A particularly useful type of head for such above referenced bone screws is an open head wherein an open, generally U-shaped channel is formed in the head, and the rod is simply laid in the open channel. The channel is then closed with some type of a closure member which engages the walls or arms forming the head and clamps the rod in place within the channel. While the open headed devices are often necessary and preferred for usage, there is a significant problem associated with them. The open headed devices conventionally have two upstanding arms that are on opposite sides of the channel that receives the rod member. The top of the channel is closed by a closure member after the rod member is placed in the channel. Many open headed implants are closed by plugs that screw into threads formed on internal surfaces between the arms, because such configurations have low profiles.

However, such threaded plugs have encountered problems in that they produce radially outward forces that lead to splaying of the arms or at least do not prevent splaying that in turn may lead to loosening of parts and failure of the implant. In order to lock the rod member in place, a significant force must be exerted on the relatively small plug or on a set screw of some type. The forces are required to provide enough torque to insure that the rod member is clamped or locked securely in place relative to the bone screw, so that the rod does not move axially or rotationally therein. This typically requires torques on the order of 100 to 125 inch-pounds.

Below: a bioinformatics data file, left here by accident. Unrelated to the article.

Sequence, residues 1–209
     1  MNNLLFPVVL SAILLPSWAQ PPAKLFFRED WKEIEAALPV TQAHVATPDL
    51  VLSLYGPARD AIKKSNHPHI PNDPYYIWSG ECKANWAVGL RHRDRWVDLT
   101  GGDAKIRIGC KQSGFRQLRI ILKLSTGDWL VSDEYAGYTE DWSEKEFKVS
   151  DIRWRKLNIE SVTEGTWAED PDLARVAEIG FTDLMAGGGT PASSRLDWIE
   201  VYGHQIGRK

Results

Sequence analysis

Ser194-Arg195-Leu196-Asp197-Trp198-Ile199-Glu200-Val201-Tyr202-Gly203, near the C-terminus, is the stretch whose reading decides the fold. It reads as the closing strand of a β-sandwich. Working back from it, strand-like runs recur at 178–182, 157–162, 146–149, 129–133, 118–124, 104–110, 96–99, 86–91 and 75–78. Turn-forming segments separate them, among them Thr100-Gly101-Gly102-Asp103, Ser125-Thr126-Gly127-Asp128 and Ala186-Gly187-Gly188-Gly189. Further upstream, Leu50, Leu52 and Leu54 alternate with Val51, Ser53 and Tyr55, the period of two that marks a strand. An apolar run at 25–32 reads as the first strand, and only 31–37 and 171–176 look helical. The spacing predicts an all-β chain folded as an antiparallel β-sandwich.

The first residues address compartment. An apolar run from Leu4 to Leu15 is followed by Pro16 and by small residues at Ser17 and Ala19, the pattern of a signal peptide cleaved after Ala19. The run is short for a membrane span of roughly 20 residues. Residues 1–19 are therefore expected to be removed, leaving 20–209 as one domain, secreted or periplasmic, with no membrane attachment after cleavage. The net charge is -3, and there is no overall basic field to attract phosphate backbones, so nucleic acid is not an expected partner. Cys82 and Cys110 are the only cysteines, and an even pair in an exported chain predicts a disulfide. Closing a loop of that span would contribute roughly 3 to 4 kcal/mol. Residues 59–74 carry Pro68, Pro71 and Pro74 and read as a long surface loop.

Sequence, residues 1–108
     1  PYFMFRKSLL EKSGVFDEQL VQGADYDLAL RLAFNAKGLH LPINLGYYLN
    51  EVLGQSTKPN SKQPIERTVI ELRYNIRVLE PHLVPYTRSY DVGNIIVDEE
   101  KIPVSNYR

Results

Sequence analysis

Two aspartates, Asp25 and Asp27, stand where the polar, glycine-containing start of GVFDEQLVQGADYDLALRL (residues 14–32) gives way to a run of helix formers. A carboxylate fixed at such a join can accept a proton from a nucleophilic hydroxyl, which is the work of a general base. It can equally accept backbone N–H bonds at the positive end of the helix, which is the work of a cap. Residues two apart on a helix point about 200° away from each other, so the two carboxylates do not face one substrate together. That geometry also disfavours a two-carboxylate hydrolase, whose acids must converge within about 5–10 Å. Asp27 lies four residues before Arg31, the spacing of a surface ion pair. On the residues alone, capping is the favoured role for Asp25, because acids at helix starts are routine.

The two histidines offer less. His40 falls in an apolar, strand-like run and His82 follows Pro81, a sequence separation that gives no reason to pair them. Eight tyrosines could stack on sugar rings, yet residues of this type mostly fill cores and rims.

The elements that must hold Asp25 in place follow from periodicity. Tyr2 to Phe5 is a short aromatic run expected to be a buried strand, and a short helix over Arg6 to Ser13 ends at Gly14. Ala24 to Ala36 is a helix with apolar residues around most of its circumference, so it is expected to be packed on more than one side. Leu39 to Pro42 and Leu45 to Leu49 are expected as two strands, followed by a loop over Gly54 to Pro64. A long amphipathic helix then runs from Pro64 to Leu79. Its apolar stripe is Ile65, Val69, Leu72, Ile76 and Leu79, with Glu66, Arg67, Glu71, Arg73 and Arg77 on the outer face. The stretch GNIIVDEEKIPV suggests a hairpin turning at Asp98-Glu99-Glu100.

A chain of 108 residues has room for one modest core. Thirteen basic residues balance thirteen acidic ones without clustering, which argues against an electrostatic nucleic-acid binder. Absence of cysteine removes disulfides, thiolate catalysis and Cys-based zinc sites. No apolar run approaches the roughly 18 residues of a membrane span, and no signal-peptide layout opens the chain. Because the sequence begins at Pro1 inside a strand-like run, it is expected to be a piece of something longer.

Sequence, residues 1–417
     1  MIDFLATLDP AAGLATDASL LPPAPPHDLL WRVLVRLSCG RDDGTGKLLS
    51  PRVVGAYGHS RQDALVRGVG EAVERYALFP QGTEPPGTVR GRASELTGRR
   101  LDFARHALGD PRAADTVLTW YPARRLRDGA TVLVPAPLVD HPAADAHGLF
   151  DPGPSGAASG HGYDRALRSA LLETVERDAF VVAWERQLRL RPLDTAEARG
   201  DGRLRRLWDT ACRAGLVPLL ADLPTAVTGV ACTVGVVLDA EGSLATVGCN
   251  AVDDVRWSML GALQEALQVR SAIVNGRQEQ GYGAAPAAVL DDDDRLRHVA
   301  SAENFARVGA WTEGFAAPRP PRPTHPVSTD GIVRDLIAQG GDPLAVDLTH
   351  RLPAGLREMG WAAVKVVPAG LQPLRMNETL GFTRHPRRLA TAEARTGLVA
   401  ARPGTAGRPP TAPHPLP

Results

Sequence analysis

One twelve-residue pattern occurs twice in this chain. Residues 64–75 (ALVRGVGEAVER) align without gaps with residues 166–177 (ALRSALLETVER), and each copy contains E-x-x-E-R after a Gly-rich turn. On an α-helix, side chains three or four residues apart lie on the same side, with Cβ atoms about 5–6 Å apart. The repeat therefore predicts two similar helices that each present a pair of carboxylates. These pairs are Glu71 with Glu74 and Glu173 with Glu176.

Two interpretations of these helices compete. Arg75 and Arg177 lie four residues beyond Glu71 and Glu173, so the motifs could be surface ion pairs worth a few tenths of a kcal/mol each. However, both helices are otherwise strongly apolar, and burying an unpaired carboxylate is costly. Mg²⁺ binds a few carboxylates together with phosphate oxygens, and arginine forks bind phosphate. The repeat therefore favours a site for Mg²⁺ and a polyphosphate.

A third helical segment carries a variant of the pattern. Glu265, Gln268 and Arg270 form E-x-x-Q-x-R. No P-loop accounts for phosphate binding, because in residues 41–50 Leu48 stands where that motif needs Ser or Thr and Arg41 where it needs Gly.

Because open headed implants such as bone screws, hooks and the like are relatively small, the arms that extend upwardly at the head can be spread by radially outwardly directed forces in response to the application of the substantial torquing force required to clamp the rod member. Historically, early closures were simple plugs that were threaded with V-shaped threads and which screwed into mating threads on the inside of each of the arms. The outward flexure of the arms of the head is caused by mutual camming action of the V-shaped threads of the plug and head as advancement of the plug is resisted by clamping engagement with the rod while rotational urging of the plug continues. If the arms are sufficiently spread, they can allow the threads to loosen, slip, or even disengage and the closure to fail. To counter this, various engineering techniques were applied to the head to increase its resistance to the spreading force. For example, the arms were significantly strengthened by increasing the width of the arms by many times. This is undesirable since it leads to a larger profile implant which is always undesirable and may limit the working space available to the surgeon during implant procedures. Alternatively, external caps were devised which engaged external surfaces of the head. In either case, the unfortunate effect was to substantially increase the bulk, size, and profile of the implant, especially when external nuts are used which may take up so much space along the rod as to leave too little space for all the implants needed.